Given that we may be facing a general election before next summer, with the chance of a Conservative government, I though it might be instructive to compare the policies of both major parties on the subject of the Chronically Sick and Disabled, and the funding thereof. This will, by default, focus on the Tories, as the Labour party website makes no reference to policies relating to benefits for the CS&D.
This, abstracted from the Conservative party website (Note, March 13 2010 – I’ve just discovered that the document has been removed from the website – I wonder why…), isn’t exactly cheering reading, and has the unmistakable stamp of David Freud and James Purnell’s plans, before Freud defected to the Tories:-
Welfare and Pensions
Our welfare policy paper sets out a radical programme of reform that will provide ladders of opportunity for millions of British people. It will be the biggest shake-up of the welfare state for 60 years:
- Every claimant potentially able to work will be engaged in welfare to work activities aimed at helping them back into work as quickly as possible
- For those unable to find work there’ll be long-term community projects to help them get back into a working environment
- Those not willing to take part will face tough sanctions
Our welfare programme will be delivered by private and voluntary providers, who will only be paid when someone gets and keeps a job.
Combined with our commitment to end the couple penalty in the tax credits system, our radical welfare plans will help lift almost half a million children out of poverty. (end)
Thing is, that’s nothing to do with disability benefits, it’s about unemployment. What about those of us unable to work because of illness and/or disability – why is that we have to download the Welfare Policy paper to find out? Are they too ashamed or cowardly to put it on their website? The answer, as you’ll see, is probably yes to both. I’ll go and have a look. (You can download their Welfare Policy paper from the page linked to above, and I strongly recommend that you do so.)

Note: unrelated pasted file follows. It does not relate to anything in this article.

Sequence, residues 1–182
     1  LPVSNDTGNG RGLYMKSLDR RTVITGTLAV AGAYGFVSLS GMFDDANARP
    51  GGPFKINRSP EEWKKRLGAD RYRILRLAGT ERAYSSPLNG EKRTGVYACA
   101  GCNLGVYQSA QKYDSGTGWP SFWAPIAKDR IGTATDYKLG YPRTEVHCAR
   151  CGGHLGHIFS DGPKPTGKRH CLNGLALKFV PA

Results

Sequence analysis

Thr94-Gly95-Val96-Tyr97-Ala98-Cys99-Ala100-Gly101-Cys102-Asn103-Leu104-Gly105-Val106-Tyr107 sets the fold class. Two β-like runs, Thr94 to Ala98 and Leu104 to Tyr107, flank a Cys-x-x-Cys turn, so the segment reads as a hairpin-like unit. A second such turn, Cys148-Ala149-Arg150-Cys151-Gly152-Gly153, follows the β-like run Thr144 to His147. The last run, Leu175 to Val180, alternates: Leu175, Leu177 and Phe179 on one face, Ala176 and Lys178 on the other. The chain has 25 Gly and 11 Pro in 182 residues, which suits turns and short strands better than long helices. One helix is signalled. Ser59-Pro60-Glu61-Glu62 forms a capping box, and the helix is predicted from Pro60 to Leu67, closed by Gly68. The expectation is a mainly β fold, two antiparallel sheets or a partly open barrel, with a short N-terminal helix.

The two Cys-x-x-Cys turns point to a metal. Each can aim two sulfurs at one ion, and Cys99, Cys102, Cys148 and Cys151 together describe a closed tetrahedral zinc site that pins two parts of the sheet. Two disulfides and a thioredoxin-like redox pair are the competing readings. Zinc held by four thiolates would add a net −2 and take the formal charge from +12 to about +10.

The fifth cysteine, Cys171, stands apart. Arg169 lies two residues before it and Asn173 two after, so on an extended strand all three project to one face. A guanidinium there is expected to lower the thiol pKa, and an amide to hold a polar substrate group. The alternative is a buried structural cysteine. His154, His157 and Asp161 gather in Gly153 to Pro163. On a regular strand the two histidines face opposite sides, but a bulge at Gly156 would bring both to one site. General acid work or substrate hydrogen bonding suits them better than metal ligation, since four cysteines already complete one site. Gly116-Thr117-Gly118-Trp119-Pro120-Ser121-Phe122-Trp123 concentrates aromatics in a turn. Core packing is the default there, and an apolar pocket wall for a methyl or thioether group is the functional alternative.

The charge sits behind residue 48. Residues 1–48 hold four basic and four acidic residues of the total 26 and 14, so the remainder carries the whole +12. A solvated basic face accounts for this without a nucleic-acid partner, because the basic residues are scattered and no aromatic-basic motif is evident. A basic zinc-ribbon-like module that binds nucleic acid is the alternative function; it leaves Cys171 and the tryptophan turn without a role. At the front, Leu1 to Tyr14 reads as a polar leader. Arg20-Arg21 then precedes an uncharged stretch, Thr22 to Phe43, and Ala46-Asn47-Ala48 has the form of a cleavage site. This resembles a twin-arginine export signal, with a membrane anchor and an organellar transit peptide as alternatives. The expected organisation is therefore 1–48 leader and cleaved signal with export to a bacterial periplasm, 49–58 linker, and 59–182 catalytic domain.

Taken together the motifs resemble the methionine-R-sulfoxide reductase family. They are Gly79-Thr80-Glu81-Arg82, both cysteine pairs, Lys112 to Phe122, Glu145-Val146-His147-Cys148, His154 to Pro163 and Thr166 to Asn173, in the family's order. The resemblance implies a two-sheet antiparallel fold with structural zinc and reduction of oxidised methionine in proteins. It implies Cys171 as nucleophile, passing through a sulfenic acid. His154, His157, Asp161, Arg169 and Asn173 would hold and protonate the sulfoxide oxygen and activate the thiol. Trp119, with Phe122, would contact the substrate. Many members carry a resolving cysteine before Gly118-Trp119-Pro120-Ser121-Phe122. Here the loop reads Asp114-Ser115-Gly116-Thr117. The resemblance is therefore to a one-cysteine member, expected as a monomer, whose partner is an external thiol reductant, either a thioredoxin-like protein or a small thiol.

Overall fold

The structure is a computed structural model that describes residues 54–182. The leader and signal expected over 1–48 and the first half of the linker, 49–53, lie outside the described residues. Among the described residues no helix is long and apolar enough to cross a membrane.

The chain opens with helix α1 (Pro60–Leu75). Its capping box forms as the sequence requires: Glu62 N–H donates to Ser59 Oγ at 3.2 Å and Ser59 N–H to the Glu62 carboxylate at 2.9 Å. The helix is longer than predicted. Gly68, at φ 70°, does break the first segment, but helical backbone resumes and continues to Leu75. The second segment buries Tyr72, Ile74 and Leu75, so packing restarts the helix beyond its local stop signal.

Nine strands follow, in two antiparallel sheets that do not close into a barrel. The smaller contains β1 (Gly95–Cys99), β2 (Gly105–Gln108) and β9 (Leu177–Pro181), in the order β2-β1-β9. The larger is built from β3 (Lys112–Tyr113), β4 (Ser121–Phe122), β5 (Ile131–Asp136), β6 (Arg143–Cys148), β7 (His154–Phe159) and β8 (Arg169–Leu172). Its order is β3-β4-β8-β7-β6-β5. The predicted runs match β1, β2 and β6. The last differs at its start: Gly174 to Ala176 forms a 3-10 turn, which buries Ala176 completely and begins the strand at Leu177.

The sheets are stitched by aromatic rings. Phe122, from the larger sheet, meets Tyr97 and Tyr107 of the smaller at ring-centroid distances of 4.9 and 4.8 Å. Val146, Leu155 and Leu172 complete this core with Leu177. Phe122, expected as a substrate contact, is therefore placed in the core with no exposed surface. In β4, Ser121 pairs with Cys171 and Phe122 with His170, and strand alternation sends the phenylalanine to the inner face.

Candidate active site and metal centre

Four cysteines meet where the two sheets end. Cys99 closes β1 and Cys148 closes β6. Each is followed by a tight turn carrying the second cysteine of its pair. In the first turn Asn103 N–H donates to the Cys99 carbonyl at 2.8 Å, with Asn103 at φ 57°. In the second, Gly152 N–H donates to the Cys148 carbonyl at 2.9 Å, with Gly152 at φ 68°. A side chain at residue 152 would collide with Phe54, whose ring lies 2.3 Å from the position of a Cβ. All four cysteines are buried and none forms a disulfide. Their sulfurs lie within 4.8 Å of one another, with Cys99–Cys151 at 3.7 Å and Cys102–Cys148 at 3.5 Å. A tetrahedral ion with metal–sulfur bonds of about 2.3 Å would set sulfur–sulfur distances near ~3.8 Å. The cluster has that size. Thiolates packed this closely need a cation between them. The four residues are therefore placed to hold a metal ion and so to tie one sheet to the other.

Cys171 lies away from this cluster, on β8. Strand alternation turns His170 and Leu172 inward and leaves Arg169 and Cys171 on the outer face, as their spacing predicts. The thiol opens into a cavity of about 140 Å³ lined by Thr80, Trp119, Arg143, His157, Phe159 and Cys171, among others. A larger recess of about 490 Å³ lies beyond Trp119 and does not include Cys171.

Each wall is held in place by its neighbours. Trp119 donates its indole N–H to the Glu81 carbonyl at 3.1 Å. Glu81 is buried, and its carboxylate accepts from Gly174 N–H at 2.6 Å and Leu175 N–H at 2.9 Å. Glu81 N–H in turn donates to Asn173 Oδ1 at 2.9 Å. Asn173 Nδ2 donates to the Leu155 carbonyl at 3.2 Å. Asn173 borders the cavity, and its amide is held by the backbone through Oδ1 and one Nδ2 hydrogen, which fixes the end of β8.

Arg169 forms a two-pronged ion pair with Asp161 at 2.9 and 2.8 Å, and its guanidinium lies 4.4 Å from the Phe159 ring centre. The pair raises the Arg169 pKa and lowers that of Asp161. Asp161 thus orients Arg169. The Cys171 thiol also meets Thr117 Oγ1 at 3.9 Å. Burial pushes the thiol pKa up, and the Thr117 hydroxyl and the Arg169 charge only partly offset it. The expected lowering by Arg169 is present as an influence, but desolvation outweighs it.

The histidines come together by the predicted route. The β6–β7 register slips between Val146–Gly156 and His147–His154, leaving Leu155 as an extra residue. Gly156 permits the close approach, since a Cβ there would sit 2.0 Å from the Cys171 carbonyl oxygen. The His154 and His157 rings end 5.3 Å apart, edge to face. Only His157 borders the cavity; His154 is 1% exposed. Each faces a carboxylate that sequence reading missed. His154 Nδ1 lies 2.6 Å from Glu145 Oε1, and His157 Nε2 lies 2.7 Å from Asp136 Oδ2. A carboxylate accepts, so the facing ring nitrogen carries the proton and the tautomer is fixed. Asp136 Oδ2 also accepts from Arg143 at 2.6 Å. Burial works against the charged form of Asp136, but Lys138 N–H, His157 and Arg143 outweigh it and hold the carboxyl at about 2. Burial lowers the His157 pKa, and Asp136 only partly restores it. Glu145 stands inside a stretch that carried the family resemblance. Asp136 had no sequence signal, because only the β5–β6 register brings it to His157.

OK, I’ve had a look, and I’m not a great deal wiser but I am a great deal less happy. That paper refers repeatedly to Incapacity Benefit, which is being phased out, but makes only a passing reference to ESA, which replaces it for new claims.
A new Work Capability Assessment (WCA) is forecast to reduce by ten per cent the number of people accessing Incapacity Benefit from a new claim.
BUT – new claims go to ESA, not IB.
This is the bit we need to worry about, though:-
We want support for those who are incapacitated in some way to be designed around what someone can do rather than what they cannot. Our aim is to help as many as possible of those who have incapacities, but who are capable of at least some work, into jobs.
That’s bullshit – I can’t speak for anyone else, but it relation to my need for benefits, it’s what I can’t do that defines me. What I can do is pretty much bugger all.
They need to understand that people – the overwhelming majority of claimants – are on Incapacity Benefit because they have to be, not because they want to be. Do they seriously believe that anyone would choose to live in poverty if they were capable of working?
Take my own case – the only one I have the right to discuss. There are days when I can spend hours in front of my computer, reading online and writing for my blog or for publication elsewhere (having travelled all of 20 feet from my bedroom – all I can cope with many days. Equally, there are days when I can barely see the screen. However, the logic under this policy is that if I can type for myself, I can type for wages.
OK, I possibly could, except for the fact that I can never guarantee when, or even if, I can get up in the morning, nor do I know how ill I’ll feel – it’s not a matter of if I’ll feel well or ill, just the degree of illness. Most days it’s a challenge to get up before 08.00. A couple of days a week, I get up early – 06.15 – to go shopping, but that’s predicated on the fact that I accept I’ll be too buggered to do much else for the rest of the day, and it takes two alarms to get me out of bed.